Sudden stabbing pain in the pelvic area

Sudden stabbing pain in the pelvic area

Sudden stabbing pain in the pelvic area

Pelvic pain is an area of concern for everyone. If it worries you or someone you know, keep reading this article to clear all your health queries and concerns.

Sharp Pelvic Pain

Pain in the pelvic region isn't necessarily always related to reproductive organs. In fact, referred pain is the kind of painful sensation that can be due to an underlying condition in one part of the body while the pain is felt in any other region. However, it is wise to look out for severe pain as this may signify something more.

Pelvic Pain

Stabbing Acute Pelvic Pain

It is still important to understand that not all but many diseases in the reproductive organs can present themselves as pelvic pain.

1.   Severe Abdominal Pain

In certain cases, the abdominal pain can be so severe that the patient would also feel a dull pain in the pelvis.

  • Abdominal pain can be related to a perforated stomach, inflamed appendix, gas problem, irritable bowel syndrome, diarrhoea, constipation, colon inflammation, etc. These are the conditions that need to be immediately treated by the doctor.

  • Females of reproductive age can also experience period cramps, which are painful sensations in the abdomen and pelvis. This pain can be normal when less severe; however, consulting an OB/GYN expert would be a healthy choice if the pain is unbearable.

  • The related cause of sudden abdominal pain can be detected by abdomen palpation, vaginal examination, routine tests, or an ultrasound to detect whether the pain is primarily due to a disease condition in the pelvis or the abdomen.

 

2.   Pelvic Inflammatory Disease (PID)

As the name suggests, pelvic inflammatory disease is the inflammation of female reproductive organs, including the uterus, attached fallopian tubes, and ovaries.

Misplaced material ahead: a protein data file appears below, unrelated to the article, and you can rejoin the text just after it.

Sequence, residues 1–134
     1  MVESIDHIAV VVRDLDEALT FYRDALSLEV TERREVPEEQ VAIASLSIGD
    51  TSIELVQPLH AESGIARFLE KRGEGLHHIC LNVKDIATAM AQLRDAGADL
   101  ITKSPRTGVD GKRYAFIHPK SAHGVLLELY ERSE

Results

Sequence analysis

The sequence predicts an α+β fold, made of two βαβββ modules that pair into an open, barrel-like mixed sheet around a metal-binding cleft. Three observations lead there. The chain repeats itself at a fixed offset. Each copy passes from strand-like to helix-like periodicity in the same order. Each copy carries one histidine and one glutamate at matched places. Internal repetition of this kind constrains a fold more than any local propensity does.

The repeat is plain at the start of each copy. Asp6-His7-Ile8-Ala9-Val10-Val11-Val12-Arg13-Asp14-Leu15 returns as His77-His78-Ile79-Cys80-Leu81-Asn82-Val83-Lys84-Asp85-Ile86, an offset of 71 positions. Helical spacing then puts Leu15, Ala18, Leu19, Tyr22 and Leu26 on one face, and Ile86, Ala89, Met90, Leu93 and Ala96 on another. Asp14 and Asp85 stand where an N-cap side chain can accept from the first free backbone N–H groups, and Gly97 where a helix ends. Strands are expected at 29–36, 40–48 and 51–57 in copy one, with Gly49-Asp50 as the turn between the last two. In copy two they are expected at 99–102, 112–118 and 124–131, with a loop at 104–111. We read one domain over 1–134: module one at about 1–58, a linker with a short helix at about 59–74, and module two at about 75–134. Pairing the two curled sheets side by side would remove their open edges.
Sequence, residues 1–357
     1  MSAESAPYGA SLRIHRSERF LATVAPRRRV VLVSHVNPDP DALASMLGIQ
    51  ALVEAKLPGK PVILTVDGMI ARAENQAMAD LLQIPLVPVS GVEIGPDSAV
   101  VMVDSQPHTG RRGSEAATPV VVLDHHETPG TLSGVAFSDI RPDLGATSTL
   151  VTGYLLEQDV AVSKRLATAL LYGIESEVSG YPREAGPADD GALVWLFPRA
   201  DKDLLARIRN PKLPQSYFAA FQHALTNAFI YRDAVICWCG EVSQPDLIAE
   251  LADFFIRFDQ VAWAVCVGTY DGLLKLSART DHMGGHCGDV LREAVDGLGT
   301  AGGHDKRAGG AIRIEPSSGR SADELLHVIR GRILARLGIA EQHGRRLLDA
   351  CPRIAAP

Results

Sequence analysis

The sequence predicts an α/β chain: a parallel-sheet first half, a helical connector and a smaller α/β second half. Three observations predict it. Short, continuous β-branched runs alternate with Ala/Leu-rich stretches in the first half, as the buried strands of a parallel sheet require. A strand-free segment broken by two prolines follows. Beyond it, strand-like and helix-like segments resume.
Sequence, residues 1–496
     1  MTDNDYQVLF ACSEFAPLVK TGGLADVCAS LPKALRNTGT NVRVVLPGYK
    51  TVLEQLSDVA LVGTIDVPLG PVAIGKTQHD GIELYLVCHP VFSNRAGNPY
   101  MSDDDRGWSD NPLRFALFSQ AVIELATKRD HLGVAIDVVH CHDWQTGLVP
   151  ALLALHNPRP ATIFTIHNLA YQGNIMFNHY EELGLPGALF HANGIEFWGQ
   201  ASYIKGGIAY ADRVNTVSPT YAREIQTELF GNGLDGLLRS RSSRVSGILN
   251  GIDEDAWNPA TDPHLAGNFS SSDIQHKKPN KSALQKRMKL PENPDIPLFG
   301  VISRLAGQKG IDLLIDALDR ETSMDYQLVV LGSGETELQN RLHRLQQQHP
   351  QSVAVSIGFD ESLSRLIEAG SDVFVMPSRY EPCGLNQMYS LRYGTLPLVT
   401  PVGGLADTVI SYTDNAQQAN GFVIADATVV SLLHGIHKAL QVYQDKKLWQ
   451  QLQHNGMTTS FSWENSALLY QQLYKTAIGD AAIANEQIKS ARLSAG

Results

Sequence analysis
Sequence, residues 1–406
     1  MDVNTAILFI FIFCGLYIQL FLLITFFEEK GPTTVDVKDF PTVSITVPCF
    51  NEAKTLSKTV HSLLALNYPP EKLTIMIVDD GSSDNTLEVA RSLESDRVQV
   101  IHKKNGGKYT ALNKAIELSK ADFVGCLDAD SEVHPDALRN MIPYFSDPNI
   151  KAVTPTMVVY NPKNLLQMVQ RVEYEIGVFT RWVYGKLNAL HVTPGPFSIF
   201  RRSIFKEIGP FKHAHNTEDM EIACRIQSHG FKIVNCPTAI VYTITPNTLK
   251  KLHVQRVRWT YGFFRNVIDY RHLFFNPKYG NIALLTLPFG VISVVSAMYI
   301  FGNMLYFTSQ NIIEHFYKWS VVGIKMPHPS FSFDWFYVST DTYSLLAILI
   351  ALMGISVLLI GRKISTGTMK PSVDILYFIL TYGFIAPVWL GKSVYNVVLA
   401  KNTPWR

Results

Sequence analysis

• PID is commonly due to a group of sexually transmitted bacteria that stay in the vagina and reach the uterus and ovaries by climbing up the cervix of the female.

  • The doctor should investigate PID thoroughly as untreated cases may lead to infertility due to fallopian tube narrowing, ovaries inflammation, or other uterine deformities.

  • PID can be diagnosed by specimen taken from vaginal examination and sent to a laboratory for culture and identification of the bacteria involved.

  • Once the diagnosis is made, the doctor will draw the treatment plan, including antibiotics, according to the cause involved.

 

3.   Painful Bladder Syndrome

Painful bladder syndrome is a spectrum of disorders that ultimately lead to problems associated with urinary bladder pain and dysfunction. Bladder pain is localized, ranging from mild discomfort to excruciating pain.

  • Inflammation of the urinary bladder, also known as interstitial cystitis, causes pressure and pain in the pelvic region due to the inflamed bladder. This pain can also be felt between the vaginal and anal opening in females, while in males, this pain is felt between the scrotum and the anus.

  • The confirmed cause of this condition is not known yet. Still, many experts believe that it is due to the local irritation of urothelium (inner lining of the bladder), hereditary causes, allergies, or other autoimmune conditions.

 

4.   Urinary Tract Infection (UTI)